By Jessica Martin
We human beings are living in time. We can scarcely imagine it any other way. The passing of time is basic to understanding the terms of our existence. Supported by memory, time gives our lives story and structure, but also allows us to recognize loss, privation, contrast, sorrow, absence; sharpens our joys because we know that they cannot last. As I grow older, my many moments of happiness often feel more like pain than pleasure; and yet they are if anything more deeply fulfilling in memory than the more careless recollections of my youth.
Sometimes it feels as if the fact of death that bounds my life gives it profound meaning. At other, unhappier times it feels more as if death drains life of its meaning altogether, because I know life, like everything, will pass and one day nothing of the earth will remember me.
Looking at old photos, which for family reasons I have been doing recently, I wonder how to reconcile the bright, living, and shifting memories of being a child with the slightly decayed look of the actual bits of shiny paper; old color prints fade yellow and dusky pink, and I never knew at the time that everyone’s hair and clothes looked ridiculous, dated. The black-and-white photos of babyhood look even more like another, distant world.
God is not confined by time. He is eternal. Time is a part of his creation, but he is not held by its structure. When Jesus was born one of the many confinements he chose — one of the many ways in which he “emptied himself, taking the form of a slave” — was in submitting to the rule of time. In entering time to meet us, Jesus joins us to God’s eternal being, where all that has been, all that is, and all that will be, are united in harmony.
The First Letter of Peter is meditating on what this means for us: we are “born again,” he says, restored to the freshness of beginning, because of the resurrection of Christ; we slip out of the confining arms of time and touch the life of eternity: “into an inheritance that is imperishable, undefiled, and unfading, kept in heaven for you.”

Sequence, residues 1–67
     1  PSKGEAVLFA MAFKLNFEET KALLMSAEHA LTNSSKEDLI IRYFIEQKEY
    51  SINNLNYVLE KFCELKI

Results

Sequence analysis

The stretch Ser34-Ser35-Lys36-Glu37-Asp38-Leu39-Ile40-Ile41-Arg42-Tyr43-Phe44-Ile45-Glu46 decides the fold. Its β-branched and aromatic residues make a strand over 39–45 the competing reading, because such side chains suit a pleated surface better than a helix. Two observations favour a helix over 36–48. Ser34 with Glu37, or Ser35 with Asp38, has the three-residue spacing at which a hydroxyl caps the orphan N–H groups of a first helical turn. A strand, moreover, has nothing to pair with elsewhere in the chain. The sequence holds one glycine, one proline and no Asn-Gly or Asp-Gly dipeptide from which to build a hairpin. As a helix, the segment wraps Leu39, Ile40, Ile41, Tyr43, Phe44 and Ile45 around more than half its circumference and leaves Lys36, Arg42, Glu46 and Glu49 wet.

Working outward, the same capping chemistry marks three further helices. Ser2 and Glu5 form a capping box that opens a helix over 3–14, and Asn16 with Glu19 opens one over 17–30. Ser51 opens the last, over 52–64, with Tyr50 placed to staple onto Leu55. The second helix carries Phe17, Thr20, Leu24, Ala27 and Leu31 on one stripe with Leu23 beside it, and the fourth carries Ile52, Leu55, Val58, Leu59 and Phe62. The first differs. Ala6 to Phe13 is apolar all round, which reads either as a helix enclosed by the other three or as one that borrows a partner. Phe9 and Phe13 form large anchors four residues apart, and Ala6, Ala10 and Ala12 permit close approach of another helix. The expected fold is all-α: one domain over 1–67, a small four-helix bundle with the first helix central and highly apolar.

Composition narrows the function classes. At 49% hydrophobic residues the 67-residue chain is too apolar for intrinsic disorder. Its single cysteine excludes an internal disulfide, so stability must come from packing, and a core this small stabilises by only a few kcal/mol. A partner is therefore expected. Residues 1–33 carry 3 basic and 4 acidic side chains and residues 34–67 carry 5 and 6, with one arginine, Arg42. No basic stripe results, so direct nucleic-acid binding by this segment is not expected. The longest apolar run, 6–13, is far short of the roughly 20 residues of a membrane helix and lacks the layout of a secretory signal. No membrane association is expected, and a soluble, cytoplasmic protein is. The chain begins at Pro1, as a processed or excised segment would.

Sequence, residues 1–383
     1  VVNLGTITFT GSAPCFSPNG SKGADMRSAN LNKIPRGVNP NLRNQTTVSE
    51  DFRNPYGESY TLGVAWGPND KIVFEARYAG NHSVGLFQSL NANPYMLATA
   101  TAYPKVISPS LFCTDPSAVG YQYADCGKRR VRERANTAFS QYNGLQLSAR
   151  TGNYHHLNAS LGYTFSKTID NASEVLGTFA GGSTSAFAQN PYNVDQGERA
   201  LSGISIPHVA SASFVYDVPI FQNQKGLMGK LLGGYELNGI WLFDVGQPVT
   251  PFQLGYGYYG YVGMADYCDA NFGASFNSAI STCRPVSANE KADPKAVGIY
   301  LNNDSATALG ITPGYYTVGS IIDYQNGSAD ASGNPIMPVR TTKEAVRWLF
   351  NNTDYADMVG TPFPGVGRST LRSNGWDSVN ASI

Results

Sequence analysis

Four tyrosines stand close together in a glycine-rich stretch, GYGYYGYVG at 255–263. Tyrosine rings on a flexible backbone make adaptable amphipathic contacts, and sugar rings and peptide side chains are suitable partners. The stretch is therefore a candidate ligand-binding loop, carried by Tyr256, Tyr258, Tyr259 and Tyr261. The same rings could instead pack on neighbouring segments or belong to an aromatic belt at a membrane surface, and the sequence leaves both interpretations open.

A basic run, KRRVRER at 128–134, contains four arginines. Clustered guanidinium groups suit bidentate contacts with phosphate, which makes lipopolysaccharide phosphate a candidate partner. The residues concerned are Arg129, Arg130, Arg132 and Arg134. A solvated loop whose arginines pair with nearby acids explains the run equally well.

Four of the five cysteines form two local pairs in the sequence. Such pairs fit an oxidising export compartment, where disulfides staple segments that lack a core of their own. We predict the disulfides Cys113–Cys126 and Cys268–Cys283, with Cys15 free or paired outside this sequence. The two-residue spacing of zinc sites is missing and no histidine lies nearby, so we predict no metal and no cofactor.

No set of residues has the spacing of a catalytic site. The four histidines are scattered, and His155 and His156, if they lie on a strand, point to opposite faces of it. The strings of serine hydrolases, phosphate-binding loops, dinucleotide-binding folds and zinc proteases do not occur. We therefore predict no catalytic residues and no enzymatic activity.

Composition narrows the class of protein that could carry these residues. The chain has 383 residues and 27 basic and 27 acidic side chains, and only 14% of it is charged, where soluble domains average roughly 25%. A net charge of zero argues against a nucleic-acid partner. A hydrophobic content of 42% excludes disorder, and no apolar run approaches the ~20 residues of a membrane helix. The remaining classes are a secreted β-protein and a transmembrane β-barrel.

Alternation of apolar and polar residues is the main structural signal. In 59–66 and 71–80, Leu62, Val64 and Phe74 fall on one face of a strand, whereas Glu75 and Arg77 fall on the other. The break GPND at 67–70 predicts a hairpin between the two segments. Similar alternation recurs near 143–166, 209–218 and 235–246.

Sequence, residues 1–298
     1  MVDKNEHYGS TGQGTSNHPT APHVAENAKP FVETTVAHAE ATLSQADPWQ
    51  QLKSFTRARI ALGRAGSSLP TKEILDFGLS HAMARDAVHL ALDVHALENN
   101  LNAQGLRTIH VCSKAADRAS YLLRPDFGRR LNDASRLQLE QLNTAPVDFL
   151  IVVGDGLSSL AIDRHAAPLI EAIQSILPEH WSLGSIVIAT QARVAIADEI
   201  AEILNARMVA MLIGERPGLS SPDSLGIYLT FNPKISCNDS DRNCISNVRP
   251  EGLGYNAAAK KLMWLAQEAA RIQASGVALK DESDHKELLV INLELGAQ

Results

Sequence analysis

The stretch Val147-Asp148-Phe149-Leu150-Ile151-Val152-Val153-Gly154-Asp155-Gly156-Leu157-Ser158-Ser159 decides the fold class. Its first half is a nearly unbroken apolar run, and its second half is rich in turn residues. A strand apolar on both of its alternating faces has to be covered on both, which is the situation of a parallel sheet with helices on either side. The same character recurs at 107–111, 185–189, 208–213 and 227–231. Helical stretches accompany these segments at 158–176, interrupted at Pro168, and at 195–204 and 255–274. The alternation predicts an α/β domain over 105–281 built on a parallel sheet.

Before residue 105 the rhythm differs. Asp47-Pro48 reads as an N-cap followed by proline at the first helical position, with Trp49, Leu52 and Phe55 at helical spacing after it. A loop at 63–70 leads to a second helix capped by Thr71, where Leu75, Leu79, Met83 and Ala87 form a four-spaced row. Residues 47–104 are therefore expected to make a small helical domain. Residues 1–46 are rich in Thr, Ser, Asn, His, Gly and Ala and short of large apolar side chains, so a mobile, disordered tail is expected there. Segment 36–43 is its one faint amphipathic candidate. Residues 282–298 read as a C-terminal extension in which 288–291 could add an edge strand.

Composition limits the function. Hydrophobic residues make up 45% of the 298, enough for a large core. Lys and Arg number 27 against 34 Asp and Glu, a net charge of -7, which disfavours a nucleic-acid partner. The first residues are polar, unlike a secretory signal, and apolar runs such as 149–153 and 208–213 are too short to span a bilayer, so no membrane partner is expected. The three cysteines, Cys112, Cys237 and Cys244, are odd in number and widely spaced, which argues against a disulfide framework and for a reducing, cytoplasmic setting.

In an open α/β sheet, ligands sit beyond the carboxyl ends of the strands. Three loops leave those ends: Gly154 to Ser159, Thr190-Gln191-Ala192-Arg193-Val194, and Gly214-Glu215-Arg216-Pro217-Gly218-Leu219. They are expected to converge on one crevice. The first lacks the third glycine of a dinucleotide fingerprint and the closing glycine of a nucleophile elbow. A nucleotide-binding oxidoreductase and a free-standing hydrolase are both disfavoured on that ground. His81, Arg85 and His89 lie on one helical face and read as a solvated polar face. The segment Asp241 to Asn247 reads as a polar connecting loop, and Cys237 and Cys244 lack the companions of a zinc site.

The writer of the Book of Ecclesiastes does not know about the gift of Jesus Christ. He is a “wisdom” writer, faithful to the purposes of God, although he finds them inscrutable, mysterious. The passage we have heard perceives in the changing pattern of whole human lives an order and rightness which belongs properly to God.
“He has made everything suitable for its time,” as the modern translation puts it, and “has put into [our] … minds a sense of past and future.” These are human stories to which God’s presence gives meaning. The stories come to an end, but the meaning is held in the eternity of God’s loving attention. We cannot understand it, but we can trust it.
“He hath made everything beautiful in his time,’” writes the King James translator: the patterns of the times of our lives are the patterns of God’s good creation, though we may not understand their shapes or see their profundity, and although they may often give us pain.
So Peter’s epistle tells us, “Rejoice, even if now for a little while you have to suffer various trials.” Our trials are not meaningless; they find their meaning in the ultimate revealing of Jesus Christ, who will complete the joining of heaven to earth in his own good time. We cannot see him; our scriptural records of his presence shine through the corruptions of time and memory but are still framed and faded by those corruptions in bewildering ways. They are like photos: records that both show and conceal the truth they tell. The Jesus who speaks to each of us is within Scripture but also in the world and in each loving heart: “although you have not seen him, you love him.”
The promise of Jesus is the promise of fulfillment. Because of him, the stories of our lives are stories of salvation: “receiving the end” (the modern translation uses the word outcome) “of your faith, even the salvation of your souls.”
Our stories are caught up in his story; and he makes them glorious. Such lives are like windows onto a sight so beautiful that angels long to look upon the vista, which outshines the static beauty of their sphere. It does not happen because of us, but in our trust in the truth of God made manifest in human love and conquering the death he embraced: Jesus Christ.